Taste Test May Identify Alcoholism Risk

Perception of sour, salty flavors may influence later behavior

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TUESDAY, June 17, 2003 (HealthDayNews) -- The answer to whether children of alcoholics will suffer the same fate may lie on their tongues.

While alcoholism appears to run in families, many children of alcoholic parents don't develop the disease. Rather, how the offspring of alcoholic fathers experience sour or salty tastes may be the factor that determines whether or not they become addicted to alcohol, a new study suggests.

Previous studies have established a link between an affinity for sweet tastes and alcohol addiction. This is the first large-scale effort to show that one's perception of sour and salty tastes may also play a role in predicting the development of the disease. It appears in the June issue of Alcoholism: Clinical and Experimental Research.

The researchers sought to replicate the intriguing findings of a Polish study, which showed that sons of alcoholic fathers tended to find salty and sour tastes more unpalatable than sons of nonalcoholic fathers.

In this study, the researchers recruited 112 nonalcoholic American participants who were roughly split between males and females.

After interviewing the subjects about their family history, the researchers learned that 45 had fathers who were alcoholics. while the remaining 67 had no paternal history of the disease.

Each of the participants tasted a series of salty and sour solutions in varying concentrations and rated each for intensity and pleasantness. The researchers found the subjects' reaction to the tastes mirrored the results of the Polish study.

"We replicated the Polish findings very closely in a different country, with males and females and with a sample size three times larger," says Dr. Henry R. Kranzler, co-author of the study and a professor of psychiatry at the University of Connecticut Health Center.

"Taste preferences may influence not the initial exposure but subsequent exposures. If you experience something that isn't pleasurable, you're less likely to repeat it," Kranzler says.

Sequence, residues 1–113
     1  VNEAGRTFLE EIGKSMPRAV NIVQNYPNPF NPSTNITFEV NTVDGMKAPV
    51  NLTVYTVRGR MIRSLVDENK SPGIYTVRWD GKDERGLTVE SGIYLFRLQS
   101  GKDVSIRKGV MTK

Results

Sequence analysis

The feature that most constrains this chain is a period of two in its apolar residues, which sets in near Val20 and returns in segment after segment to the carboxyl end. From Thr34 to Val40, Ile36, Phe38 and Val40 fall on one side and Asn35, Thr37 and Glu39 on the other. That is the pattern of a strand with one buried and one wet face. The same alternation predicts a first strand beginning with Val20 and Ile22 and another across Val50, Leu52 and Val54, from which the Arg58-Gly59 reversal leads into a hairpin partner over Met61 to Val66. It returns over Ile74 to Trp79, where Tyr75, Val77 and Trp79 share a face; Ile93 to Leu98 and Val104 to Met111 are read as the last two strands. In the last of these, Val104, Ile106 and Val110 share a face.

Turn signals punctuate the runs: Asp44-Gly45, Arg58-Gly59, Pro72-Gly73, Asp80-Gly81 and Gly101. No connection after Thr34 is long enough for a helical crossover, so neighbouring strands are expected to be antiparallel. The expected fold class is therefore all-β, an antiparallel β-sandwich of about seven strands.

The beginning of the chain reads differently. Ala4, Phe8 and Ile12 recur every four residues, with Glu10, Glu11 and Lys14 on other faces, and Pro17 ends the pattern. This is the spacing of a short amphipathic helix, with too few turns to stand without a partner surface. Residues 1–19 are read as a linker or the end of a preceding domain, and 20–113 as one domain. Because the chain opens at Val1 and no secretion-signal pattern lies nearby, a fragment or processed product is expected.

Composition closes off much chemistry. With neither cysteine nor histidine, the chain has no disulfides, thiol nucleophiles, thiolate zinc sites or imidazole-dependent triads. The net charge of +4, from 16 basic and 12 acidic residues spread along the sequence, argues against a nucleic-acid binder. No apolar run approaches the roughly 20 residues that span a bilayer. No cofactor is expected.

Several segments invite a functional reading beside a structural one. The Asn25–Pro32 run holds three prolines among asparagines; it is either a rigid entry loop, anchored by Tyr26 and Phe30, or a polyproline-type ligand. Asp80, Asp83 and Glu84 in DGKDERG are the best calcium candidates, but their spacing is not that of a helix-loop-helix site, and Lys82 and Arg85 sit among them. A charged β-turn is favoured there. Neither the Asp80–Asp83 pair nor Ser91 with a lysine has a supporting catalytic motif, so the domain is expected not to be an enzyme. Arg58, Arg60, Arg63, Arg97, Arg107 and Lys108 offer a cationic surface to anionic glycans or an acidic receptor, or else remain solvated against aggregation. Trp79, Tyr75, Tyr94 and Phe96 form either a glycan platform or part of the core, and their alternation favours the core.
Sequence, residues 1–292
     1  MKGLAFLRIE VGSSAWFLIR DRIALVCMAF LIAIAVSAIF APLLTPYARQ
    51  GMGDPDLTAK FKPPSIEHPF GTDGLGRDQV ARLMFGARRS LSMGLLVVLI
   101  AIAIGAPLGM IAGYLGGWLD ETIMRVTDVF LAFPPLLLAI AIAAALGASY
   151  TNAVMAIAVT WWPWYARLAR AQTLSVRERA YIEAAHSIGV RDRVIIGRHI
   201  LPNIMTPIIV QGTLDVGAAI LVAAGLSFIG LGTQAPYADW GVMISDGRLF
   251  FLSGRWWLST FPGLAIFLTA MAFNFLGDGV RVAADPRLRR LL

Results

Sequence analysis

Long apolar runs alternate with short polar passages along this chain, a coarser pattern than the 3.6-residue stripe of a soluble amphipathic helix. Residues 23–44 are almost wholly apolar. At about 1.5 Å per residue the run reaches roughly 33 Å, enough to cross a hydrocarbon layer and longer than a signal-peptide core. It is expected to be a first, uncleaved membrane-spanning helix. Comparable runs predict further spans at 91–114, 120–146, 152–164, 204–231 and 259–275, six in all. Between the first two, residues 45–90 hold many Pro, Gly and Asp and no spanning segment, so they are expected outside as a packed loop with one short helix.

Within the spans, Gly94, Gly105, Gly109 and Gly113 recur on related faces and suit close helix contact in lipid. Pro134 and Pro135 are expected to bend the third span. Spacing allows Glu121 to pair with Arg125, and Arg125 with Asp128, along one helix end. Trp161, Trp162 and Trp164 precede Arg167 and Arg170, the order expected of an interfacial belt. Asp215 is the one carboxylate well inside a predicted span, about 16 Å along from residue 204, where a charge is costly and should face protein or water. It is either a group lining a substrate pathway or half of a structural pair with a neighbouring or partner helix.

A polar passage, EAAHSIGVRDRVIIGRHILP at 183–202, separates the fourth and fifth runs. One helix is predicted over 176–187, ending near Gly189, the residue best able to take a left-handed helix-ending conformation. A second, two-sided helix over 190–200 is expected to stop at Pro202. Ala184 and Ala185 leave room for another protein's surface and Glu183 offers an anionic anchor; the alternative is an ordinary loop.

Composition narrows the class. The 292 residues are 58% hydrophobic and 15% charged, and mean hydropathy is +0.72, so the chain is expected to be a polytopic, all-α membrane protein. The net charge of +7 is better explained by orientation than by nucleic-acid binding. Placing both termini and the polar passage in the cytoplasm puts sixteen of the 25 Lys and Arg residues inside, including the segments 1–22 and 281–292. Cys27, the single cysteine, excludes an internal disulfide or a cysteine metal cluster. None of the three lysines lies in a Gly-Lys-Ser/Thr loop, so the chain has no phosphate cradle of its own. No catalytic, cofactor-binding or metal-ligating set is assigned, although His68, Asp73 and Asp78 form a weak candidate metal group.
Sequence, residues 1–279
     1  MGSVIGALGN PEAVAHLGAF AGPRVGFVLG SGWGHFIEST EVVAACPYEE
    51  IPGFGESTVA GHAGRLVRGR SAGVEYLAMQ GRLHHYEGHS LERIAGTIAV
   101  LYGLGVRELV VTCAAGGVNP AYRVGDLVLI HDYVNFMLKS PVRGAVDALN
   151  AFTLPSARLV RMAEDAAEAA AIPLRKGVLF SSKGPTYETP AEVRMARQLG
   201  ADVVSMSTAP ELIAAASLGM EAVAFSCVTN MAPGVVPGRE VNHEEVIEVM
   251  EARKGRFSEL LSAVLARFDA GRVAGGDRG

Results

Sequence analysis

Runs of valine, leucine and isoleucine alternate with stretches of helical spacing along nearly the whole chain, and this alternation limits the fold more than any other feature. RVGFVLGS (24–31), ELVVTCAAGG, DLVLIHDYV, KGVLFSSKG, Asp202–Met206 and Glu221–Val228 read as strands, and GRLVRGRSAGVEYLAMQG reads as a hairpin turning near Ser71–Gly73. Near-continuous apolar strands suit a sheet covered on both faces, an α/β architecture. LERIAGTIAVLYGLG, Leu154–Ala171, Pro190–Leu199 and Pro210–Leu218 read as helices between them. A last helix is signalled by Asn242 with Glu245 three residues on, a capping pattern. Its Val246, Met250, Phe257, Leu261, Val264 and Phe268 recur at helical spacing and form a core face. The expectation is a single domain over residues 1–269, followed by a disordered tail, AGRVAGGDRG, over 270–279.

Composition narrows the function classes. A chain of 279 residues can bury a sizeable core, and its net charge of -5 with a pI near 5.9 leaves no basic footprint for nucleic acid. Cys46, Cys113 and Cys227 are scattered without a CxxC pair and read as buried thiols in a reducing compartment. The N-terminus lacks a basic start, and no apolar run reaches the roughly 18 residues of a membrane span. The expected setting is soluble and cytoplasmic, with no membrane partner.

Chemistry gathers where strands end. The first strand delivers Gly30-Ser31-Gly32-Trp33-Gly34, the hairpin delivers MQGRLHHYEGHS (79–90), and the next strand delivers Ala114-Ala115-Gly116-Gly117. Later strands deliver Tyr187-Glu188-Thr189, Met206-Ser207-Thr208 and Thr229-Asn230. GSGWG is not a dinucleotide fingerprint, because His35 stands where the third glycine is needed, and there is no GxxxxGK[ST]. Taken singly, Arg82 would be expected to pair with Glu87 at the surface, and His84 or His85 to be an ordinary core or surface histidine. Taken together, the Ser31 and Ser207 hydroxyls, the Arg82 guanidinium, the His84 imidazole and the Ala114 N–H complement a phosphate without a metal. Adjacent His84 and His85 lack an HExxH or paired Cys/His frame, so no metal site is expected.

The study does not address, however, how one's perception of salty and sour tastes might specifically influence the risk for alcoholism because the subjects were all nonalcoholics. The researchers have currently no plans to follow up with the participants to see which ones actually develop the disease and whether their prognosis is linked to their taste perception.

However, the results suggest two possible associations, Kranzler says.

First, they could indicate that individuals with a familial history of alcoholism who possess unique taste characteristics are protected from alcoholism. By possessing an enhanced sensitivity to salty and sour flavors, they are put off by the taste of alcohol. The other possibility is that people with a paternal history of alcoholism may inherit genetic alterations in taste characteristics that put them at increased risk for alcoholism.

"A quantitative taste trait may be related to the amount of risk of becoming an alcoholic. This would greatly benefit prevention-intervention efforts," says Fulton T. Crews, a professor of pharmacology and psychiatry and director of the Center for Alcohol Studies at University of North Carolina at Chapel Hill.

"Additional studies are needed to determine how quantitative and universal these finding are," he says.

More information

Learn more about the disease from the National Institute on Alcoholism and Alcohol Abuse and the American Council on Alcoholism.

SOURCES: Henry R. Kranzler, M.D., professor, psychiatry, University of Connecticut Health Center, Farmington; Fulton T. Crews, Ph.D., professor, pharmacology and psychiatry, and director, Center for Alcohol Studies, University of North Carolina, Chapel Hill; June 2003 Alcoholism: Clinical and Experimental Research
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